Central Texas students struggle with mental health issues due to pandemic

Posted at 11:21 PM, Dec 22, 2020
and last updated 2020-12-23 00:21:32-05

Throughout these past several months, children have seen multiple schools and businesses close their doors. They've watch loved one's and others pass away due to COVID-19. It’s all taking a toll on them and their mental health.

Normally, kids in Central Texas, like 11-year-old Ronreco Foster, would be enjoying playing basketball and hanging out with his friends. But due to the pandemic, normal is no longer the same.

“Even though I’m home schooled, I was able to play with all my friends. I kind of miss them,” he said.

Ronreco knows avoiding his friends and others is helping to prevent the spread of COVID-19, but that doesn’t mean it’s easy.

“I can tell that he was really tired. He said I want to go out and do things,” said Ronreco’s mom, JoAnn Foster.

Local mental health experts say a number of students in the area have the same feelings as Ronreco and are seeking help for anxiety, depression and mental health problems related to the pandemic.

“The things that typify what depression is open can lead to depression,” said Texas A&M Central Texas Counseling and Psychology Department Assistant Professor Sam Fiala. “When you’re deprived of these social contacts, enjoyable experiences and things you typically enjoy that and kind of feed into depression.”

“You remove them from their peers, essential their home with other family and other caregivers. That’s socialization that they need in order to grow. They’re not getting that,” said Licensed Clinical Social Worker Kerry-Ann Zamore.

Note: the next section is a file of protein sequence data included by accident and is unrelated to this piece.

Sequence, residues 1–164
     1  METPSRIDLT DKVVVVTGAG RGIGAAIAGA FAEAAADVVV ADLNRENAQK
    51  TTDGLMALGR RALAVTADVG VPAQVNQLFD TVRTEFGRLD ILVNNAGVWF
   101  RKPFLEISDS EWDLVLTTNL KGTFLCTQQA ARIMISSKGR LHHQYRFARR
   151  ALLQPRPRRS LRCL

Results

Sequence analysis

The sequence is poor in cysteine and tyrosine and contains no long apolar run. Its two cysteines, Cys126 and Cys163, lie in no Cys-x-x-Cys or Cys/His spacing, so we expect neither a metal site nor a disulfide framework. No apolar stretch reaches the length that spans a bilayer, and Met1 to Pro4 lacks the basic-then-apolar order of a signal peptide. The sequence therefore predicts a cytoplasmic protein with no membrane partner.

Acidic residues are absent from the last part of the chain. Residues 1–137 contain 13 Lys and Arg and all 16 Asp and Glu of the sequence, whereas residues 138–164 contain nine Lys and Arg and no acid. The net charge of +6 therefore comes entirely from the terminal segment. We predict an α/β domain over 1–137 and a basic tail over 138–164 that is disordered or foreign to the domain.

A recent Centers for Disease Control and Prevention analysis found a rise in pediatric mental health-related emergency room visits for children needing mental health care. Local experts say it's important to help your kids find something positive or productive to focus on.

“I have a basketball hoop that I have on the door, so he plays basketball in the house so I can get his mind on things he likes to do,” said JoAnn. ”He wants to be a veterinarian, so allow him to watch YouTube. He likes spiders, so I allow him to watch videos.”

“Definitely develop a routine. Even if it’s an at-home routine develop some type of normalcy,” said Zamore.

Local mental health experts say teachers are also suffering from mental health problems after having to deal with the changes in school and worrying about the well-being of their students.

Fiala says Texas A&M Central Texas has a counseling center that offers free or low cost professionally staffed counseling services for adults, families, and kids. For more information click here.